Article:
In 1980, a 50 Drachma was minted depicting the head of Solon.
On the obverse of the 1 Drachma coins, the portrait of Laskarina Bouboulina, one of the heroines of the Greek War of Independence (1821-1830) is shown.
On the reverse of the 1 Drachma coins is shown a vessel of 1821, “Corvette”. (A Corvette is a brig-rigged ship having one tier of guns, usually a small naval escort ship).Notice the "palmette" mint mark of the Bank of Greece engraved in the numeral "1" on the bottom of the coin.
On the obverse of the 2 Drachma coins, the portrait of Manto Mavrogenous, one of the heroines of the Greek War of Independence (1821-1830) is shown.
On the obverse of the 5 Drachma coins, the portrait of Aristotle (384 BC – 332 BC) is shown.
On the reverse of the 5 Drachma coins is mentioned the “Hellenic Republic”.
On the obverse of the 10 Drachma coins, the portrait of the philosopher Democritus (460-370 BC) who devised the atomic system is shown and a symbolic representation of the atom is shown on the reverse. On the upper periphery the inscription “EAAHNIKH ^HMOKPATIA” is mentioned meaning “Hellenic Republic”.
The specifications of this coin are:
On the obverse of the 20 Drachma coins, the portrait of Dionisios Solomos is depicted.
On the reverse of the 20 Drachma coin is shown an Olive tree Branch. Notice the palmette mintmark of the Bank of Greece just before the letter "E" on the left periphery.
On the obverse of the 50 Drachma coins, the portrait of Homer is shown.
The Trireme: The early civilisations of the Mediterranean settled their disputes at sea by means of long, fast graceful wooden ships called the galleys which were moved by scores of rowers and carried marines and a ship-sinking weapon “the ram” (a menacing, metal tipped extension of the keel). The first galleys had single banks of oars, but the navies of Egypt, Greece and Phoenicia progressed to two-banked galleys and later the three-banked trireme, which was dubbed the first Battleship – fast moving with an awesome striking power and manoeuvrability. The largest Greek trireme like this one was 125 feet long, 20 feet wide and carried 170 oarsmen, 30 sailors, 14 spear bearers and four archers in addition to the intimidating “ram”. At the naval battle of Salamis (380 BC), where both sides used Triremes, a small Greek fleet routed a Persian fleet of about 800 ships as they entered the narrow confines of a bay near Athens, with the Greeks taking advantage of a favourable wind, ramming several Persian ships leading to the Persian rear ranks piling into their retreating advance. The Greek triremes moved back, after attacking the Persian ships, with such efficiency that the Persians could not take advantage of their numerical superiority.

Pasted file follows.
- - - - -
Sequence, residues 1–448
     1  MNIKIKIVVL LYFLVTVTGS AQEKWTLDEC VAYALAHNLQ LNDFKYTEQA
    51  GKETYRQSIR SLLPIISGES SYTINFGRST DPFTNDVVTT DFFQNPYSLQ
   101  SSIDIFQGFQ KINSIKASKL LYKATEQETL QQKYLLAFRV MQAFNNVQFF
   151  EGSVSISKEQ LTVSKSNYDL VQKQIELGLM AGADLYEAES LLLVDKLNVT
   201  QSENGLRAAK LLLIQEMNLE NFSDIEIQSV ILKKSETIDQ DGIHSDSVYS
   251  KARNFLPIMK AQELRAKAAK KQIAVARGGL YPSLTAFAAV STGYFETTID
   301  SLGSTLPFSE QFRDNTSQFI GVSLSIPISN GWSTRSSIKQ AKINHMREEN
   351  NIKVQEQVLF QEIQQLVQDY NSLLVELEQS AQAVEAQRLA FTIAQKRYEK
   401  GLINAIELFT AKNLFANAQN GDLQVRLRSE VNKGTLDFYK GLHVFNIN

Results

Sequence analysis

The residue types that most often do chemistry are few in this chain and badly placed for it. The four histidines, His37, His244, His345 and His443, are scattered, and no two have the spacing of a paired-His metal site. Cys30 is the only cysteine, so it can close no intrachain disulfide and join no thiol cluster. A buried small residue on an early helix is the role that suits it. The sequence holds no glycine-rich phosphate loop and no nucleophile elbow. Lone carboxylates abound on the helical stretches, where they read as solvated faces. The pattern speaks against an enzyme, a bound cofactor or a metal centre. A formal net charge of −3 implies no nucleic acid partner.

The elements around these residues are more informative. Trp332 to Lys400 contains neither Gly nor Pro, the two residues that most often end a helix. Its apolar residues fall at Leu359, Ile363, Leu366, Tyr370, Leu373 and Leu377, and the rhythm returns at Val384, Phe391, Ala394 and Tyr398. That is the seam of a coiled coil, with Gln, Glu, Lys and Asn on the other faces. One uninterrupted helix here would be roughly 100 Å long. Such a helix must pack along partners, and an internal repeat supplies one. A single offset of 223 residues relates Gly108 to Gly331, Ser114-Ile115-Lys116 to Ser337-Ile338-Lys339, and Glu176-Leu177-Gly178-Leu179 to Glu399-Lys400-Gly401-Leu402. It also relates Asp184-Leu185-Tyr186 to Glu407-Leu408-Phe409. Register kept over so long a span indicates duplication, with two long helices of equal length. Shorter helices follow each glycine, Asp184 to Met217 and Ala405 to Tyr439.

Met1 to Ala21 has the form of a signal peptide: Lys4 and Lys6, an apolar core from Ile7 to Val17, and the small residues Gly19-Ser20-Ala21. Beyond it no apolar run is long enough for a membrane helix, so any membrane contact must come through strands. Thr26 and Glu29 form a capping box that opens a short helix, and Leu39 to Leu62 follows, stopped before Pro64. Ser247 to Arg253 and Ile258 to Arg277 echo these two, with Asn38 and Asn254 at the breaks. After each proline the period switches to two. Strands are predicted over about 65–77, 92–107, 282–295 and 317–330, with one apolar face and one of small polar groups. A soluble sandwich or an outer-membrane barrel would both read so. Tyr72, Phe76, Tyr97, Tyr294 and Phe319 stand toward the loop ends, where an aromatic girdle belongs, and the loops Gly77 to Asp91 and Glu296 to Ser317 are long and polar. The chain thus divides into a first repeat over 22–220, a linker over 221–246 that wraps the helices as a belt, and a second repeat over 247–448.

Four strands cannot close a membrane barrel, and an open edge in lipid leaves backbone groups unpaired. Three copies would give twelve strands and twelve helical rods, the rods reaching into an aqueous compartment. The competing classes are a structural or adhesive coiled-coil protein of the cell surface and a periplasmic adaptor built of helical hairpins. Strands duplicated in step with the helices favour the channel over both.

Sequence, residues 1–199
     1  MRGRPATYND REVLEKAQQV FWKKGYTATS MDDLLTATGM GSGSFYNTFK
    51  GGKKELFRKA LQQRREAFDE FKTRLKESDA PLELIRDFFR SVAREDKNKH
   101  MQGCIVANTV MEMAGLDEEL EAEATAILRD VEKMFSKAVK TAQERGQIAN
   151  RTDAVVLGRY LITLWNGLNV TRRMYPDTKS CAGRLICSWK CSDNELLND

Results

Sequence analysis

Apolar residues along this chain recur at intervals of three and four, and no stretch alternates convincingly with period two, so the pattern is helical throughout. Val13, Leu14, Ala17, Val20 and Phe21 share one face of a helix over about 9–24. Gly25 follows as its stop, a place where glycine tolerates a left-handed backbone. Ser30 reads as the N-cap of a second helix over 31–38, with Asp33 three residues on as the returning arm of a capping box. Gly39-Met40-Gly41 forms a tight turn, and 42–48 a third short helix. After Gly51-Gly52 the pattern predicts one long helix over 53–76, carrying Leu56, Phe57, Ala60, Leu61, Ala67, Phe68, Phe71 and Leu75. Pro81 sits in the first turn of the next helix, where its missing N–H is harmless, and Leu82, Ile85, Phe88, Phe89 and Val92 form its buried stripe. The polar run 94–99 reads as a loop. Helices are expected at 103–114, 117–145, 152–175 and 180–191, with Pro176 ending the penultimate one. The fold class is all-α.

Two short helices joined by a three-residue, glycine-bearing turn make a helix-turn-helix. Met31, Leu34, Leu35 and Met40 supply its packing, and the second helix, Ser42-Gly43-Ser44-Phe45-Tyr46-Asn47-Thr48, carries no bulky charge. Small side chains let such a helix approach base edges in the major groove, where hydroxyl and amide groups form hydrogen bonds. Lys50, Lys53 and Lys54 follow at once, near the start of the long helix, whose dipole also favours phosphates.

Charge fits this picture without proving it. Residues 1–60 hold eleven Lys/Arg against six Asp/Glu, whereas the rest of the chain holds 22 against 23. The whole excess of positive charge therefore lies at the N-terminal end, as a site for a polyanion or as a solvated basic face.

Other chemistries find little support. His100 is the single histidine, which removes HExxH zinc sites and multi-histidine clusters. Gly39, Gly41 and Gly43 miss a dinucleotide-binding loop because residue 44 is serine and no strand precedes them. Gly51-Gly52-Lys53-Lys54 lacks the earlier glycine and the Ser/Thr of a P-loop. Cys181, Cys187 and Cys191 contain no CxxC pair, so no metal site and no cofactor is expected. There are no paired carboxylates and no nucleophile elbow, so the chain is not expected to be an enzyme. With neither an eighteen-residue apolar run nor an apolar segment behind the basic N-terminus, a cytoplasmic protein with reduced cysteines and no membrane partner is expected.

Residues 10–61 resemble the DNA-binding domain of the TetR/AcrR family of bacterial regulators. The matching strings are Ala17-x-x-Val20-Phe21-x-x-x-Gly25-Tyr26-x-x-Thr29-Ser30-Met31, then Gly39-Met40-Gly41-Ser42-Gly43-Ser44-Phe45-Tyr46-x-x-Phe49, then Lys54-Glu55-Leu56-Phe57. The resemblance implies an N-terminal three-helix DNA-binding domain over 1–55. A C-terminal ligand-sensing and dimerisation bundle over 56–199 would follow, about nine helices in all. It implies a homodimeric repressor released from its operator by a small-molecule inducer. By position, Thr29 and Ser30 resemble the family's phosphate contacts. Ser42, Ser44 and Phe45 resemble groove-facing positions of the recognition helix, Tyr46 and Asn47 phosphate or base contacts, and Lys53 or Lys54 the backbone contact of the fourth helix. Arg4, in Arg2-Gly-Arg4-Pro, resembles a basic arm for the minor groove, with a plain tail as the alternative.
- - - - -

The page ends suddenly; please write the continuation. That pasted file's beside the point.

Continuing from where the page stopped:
On the obverse of the 100 Drachma coins, the portrait of Alexander the Great is depicted. This coin portrayed Alexander as King of the Macedonians.
On the reverse of the 100 Drachma coins is shown a “Virginia Palmette”. On the upper periphery the inscription “EAAHNIKH ^HMOKPATIA” is mentioned meaning “Hellenic Republic”. Also, notice the “palmette” mint mark of the Bank of Greece mentioned before the year of issue “1992) on this coin.
The specifications of this and the other five coins in this series are as under:
The 500 Drachma Commemorative Coin depicting the entrance to the Stadium at the ancient Olympia venue of the Ancient Olympics Games.
The 500 Drachma Commemorative coin depicting the boxer Diagoras of Rhodes (464 BC) being carried by his sons who too were Olympic winners – one in boxing and the other in the panfratium.
The 500 Drachma Commemorative Coin depicting Louis Spyros standing between two rows of trees with the tomb of Marathon in the background and the words “Olympic Champion Spyros Louis” (mentioned in Greek).
The 500 Drachma Commemorative Coin depicting the Olympic Torch Lighting Ceremony held on the site of Ancient Olympia, with the high priestess handing the Olympic Torch to the first runner of the torch relay, which had the symbolic importance which signified the opening of the Olympic Games. The words “Olympic Flame Lighting” also appear on the coin in Greek.
The 500 Drachma Commemorative Coin depicting the Commemorative medal of the 1896 Olympics showing the Goddess of victory Nike. On the upper periphery is the inscription “Athens 1986” and on the lower periphery are the words “The Medal” (both inscriptions in Greek).
The 500 Drachma Commemorative coin depicting Baron de Pierre Coubertin and Dimitri Vikelas.